PALM BEACH, FL –
As the country absorbs the death of consummate songwriter, guitar virtuoso, and architect of Rock and Roll Chuck Berry, President Trump made a surprise revelation at his Mar-A-Lago resort Saturday. It was, in fact, a young President Trump who had taught Chuck Berry how to play guitar in the first place.
“I am as sad as anyone about the passing of the legendary showman Chuck Berry,” said the President, “In fact, I am more sad than anyone, considering I taught him everything he knew.”
The president, not known for musicianship, or for any musical talent at all, took pains Saturday to say how much he had enjoyed listening to Chuck Berry play all of the guitar licks he had taught him when visiting St Louis as a young child in 1949 when he was three years old.
“My father, as you know, was a very successful real estate developer, and he would travel the country as part of his business. And it so happens that we visited St Louis right after I learned to play electric guitar,” the President said. “I was very young. Maybe three or four years old. But I was a master at the instrument. I could play it up and down the neck like nobody else.”
“Well, we were at a high school dance one night, and the guitarist for the band couldn’t play because he had hurt his hand changing a flat tire in the parking lot. My father suggested I get up and play, and so I did.”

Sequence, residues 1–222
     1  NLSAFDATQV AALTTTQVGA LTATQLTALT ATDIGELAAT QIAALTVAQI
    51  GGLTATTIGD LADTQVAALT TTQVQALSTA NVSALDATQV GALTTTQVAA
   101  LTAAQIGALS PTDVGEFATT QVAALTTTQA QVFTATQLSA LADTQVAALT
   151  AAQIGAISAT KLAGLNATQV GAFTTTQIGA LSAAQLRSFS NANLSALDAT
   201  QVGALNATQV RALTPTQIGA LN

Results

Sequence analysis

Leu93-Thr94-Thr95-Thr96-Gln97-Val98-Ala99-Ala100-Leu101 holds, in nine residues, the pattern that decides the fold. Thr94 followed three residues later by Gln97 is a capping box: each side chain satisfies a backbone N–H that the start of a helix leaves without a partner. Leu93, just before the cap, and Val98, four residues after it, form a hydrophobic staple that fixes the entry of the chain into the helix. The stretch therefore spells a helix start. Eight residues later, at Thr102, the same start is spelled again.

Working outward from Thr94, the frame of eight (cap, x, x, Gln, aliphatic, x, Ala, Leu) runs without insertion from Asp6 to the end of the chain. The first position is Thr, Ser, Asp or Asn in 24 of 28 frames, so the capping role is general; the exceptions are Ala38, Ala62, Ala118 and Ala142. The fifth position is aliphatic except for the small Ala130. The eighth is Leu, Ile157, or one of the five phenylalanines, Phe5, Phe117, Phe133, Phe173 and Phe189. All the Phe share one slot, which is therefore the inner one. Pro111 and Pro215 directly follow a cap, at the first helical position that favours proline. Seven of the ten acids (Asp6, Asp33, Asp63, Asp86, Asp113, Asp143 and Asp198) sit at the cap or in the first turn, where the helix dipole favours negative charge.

“There was this weird guy backstage who was listening to me play. I was quite good by the way – the girls were very into my performance even as a three year old. And this guy goes over and calls up his cousin and plays him my music over the phone. Later, it turns out, the cousin was Chuck Berry.”
When he first heard his own songs on the radio being played by another musician, President Trump was not angry. “I thought, you know what? This guy must be a pretty smart guy. He knew a bunch of hit songs when he heard them.”
Although the President is not credited on any of the 200+ songs that Mr. Berry wrote, he did not pursue the Rock Legend in court. “I was so successful in the real estate business, that I really didn’t have time to assert the copyright on ‘Johnny B. Goode’, or ‘Roll Over Beethoven’ or the other 14 songs I had played that night at the dance” said the President.
“And then when the Beatles and Rolling Stones started covering my music, I figured I would just wait until they’d made a lot of money, and then I would bring a lawsuit against all of them at once.”
When asked what he thinks his song catalog is worth, President Trump estimated it was in the billions. “I know for a fact that Elvis Presley, Roy Orbison, Neil Sedaka, all the greats, they all heard me play as a young kid. It seemed like every time I turned on the radio, I heard another of my songs. So, it’s going to be a very, very big settlement. Many billions.”
Representatives at performance rights organizations ASCAP and BMI were not available for comment on the impending lawsuits. However, a spokesperson who manages the museum for Viennese composer Joseph Hayden said they had been contacted by lawyers for president Trump, who was claiming copyright for the composers work from 1767-1783.
The museum, a non-profit dedicated to preserving the original manuscripts of Hayden, hopes to settle out of court.
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